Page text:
In the early twentieth century China's most famous commercial artists promoted new cultural and civic values through sketches of idealized modern women in journals, newspapers, and compendia called One Hundred Illustrated Beauties.
This genre drew upon a centuries-old tradition of books featuring illustrations of women who embodied virtue, desirability, and Chinese cultural values, and changes in it reveal the foundational value shifts that would bring forth a democratic citizenry in the post-imperial era.
The illustrations presented ordinary readers with tantalizing visions of the modern lifestyles that were imagined to accompany Republican China's new civic consciousness. Citizens of Beauty is the first book to explore the One Hundred Illustrated Beauties in order to compare social ideals during China's shift from imperial to Republican times.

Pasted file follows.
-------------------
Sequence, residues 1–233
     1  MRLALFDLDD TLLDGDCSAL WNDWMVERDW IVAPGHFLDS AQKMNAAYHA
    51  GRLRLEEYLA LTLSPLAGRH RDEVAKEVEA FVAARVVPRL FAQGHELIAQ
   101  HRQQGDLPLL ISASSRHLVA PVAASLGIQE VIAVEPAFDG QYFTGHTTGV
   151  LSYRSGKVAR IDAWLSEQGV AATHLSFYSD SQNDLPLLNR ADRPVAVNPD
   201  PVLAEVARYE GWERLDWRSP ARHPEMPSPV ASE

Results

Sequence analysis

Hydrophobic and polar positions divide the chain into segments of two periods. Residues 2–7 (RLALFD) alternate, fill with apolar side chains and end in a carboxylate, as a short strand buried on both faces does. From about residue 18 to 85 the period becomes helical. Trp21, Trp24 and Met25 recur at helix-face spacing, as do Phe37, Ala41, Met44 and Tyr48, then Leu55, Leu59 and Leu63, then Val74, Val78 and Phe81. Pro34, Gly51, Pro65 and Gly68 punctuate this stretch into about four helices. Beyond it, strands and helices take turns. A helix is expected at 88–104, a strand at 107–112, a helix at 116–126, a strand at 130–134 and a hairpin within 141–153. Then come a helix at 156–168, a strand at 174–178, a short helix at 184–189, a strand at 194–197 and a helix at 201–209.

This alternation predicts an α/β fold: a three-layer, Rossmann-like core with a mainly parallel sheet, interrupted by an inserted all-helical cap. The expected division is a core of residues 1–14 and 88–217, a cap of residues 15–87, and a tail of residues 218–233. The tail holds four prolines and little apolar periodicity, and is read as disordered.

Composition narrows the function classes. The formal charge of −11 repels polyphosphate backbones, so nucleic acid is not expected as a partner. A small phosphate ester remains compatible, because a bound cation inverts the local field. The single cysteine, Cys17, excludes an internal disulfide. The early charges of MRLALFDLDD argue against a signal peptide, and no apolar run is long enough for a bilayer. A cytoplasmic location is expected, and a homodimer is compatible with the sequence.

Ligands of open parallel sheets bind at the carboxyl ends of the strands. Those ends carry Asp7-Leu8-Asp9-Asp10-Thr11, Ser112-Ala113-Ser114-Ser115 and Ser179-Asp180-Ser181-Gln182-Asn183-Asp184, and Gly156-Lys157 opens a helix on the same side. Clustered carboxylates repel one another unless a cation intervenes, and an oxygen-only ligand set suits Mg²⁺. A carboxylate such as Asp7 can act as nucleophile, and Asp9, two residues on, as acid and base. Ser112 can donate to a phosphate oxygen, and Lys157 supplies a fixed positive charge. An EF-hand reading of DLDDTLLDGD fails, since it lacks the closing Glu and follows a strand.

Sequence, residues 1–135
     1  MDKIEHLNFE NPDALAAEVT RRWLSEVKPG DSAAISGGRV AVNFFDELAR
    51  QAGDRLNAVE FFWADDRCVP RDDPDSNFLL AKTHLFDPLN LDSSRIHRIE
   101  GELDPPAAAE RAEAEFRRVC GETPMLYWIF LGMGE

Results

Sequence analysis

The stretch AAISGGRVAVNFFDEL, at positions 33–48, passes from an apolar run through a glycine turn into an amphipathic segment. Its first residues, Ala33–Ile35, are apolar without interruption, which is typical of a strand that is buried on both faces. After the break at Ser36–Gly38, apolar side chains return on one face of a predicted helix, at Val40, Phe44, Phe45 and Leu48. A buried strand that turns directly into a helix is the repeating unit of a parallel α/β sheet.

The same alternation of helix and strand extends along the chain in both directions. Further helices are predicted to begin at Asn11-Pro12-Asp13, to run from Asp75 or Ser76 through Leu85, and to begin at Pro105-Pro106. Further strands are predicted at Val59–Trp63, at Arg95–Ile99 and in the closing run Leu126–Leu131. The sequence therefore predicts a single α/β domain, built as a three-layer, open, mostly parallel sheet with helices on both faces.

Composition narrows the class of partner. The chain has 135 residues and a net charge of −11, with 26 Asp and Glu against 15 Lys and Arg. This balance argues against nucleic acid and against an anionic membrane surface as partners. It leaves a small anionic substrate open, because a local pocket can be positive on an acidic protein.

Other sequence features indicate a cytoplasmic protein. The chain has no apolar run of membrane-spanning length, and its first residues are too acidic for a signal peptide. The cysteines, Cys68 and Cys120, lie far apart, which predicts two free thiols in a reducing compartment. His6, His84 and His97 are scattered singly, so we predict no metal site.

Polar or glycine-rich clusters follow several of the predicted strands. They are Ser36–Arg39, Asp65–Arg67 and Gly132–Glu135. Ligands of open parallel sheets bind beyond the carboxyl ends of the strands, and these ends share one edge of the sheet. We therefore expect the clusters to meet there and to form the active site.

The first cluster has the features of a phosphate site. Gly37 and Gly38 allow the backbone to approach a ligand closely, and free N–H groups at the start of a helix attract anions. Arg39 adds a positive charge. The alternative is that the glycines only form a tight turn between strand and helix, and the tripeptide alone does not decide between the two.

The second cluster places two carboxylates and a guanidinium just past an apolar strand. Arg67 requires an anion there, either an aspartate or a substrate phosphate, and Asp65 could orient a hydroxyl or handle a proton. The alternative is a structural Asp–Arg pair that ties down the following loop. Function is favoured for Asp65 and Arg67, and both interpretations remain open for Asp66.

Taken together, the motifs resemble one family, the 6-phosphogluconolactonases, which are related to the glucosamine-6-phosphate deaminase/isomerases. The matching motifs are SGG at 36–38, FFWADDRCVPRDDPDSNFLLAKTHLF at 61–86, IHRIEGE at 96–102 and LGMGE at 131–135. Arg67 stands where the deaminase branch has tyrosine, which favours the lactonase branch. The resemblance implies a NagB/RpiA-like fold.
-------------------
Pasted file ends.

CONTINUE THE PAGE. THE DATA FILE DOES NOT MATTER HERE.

The book contextualizes the social and political significance of the aestheticized female body in a rapidly changing genre, showing how progressive commercial artists used images of women to promote a vision of Chinese modernity that was democratic, mobile, autonomous, and free from the crippling hierarchies and cultural norms of old China.